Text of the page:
Treatment of mesothelioma depends on the stage of the disease. Surgery is normally performed if the cancer is localized. The oncologist, or cancer specialist, will extract the affected part of the chest lining and nearby tissue. If the pleura is affected, a lung and part of the diaphragm may need to be removed. Radiation therapy can also be used. This procedure uses targeted ionizing radiation to kill malignant cells. If the cancer has spread, a doctor will most likely use chemotherapy, which utilizes anti-cancer medications. To relieve pain and other symptoms, a doctor will insert a tube to drain fluid from the abdomen or chest.
Does Asbestos Cause Mesothelioma?
The primary cause of mesothelioma is exposure to asbestos. There are several types of asbestos, but asbestos can broadly be described as a fibrous mineral that has been used in numerous industrial products.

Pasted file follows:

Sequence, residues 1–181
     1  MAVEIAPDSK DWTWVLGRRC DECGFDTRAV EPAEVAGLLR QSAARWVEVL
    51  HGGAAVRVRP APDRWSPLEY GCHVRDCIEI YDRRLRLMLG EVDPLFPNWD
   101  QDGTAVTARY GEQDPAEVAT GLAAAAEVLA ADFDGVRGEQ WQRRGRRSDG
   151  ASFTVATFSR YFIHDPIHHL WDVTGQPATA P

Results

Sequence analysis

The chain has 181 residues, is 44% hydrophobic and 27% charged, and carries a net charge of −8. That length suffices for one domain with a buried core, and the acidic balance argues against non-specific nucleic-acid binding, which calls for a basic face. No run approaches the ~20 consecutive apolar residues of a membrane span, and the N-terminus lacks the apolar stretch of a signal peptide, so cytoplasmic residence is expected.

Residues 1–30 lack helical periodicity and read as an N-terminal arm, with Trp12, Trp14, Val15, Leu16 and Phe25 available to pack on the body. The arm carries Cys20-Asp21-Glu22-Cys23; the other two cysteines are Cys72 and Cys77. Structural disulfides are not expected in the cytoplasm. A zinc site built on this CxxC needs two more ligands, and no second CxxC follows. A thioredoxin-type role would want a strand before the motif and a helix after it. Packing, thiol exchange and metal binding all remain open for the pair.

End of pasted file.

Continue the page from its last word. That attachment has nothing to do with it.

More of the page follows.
When workers use products containing asbestos, they may be exposed to asbestos dust. Workers can breathe airborne asbestos fibers, which then become lodged in the lungs. These tiny fibers can work their way through the lungs and into the membrane surrounding the lungs. The asbestos fibers can irritate the mesothelium or peritoneum, eventually causing cancerous cells to develop.
The particles can reach the smallest and most distant parts of the lungs. These fibers cannot be removed by coughing unless they attach to mucus in the air passages. They can also remain in the tissue around the chest or stomach cavity, where they cause inflammation and lead to mesothelioma.
Asbestos particles can damage the lungs by forming scar tissue. Those who have been exposed to asbestos have a seven times greater risk for developing lung cancer than those who have not been exposed. The three causes of death for those with significant asbestos exposure are mesothelioma, lung cancer, and lung scarring (aka asbestosis).
Current Mesothelioma Research
The National Cancer Institute (NCI) currently sponsors clinical trials that attempt to find new treatments and improve existing ones. If you want to participate, consult with your doctor and call 1-800-4CANCER. For more information, visit cancer.gov to locate news on clinical trials and a catalog of relevant publications.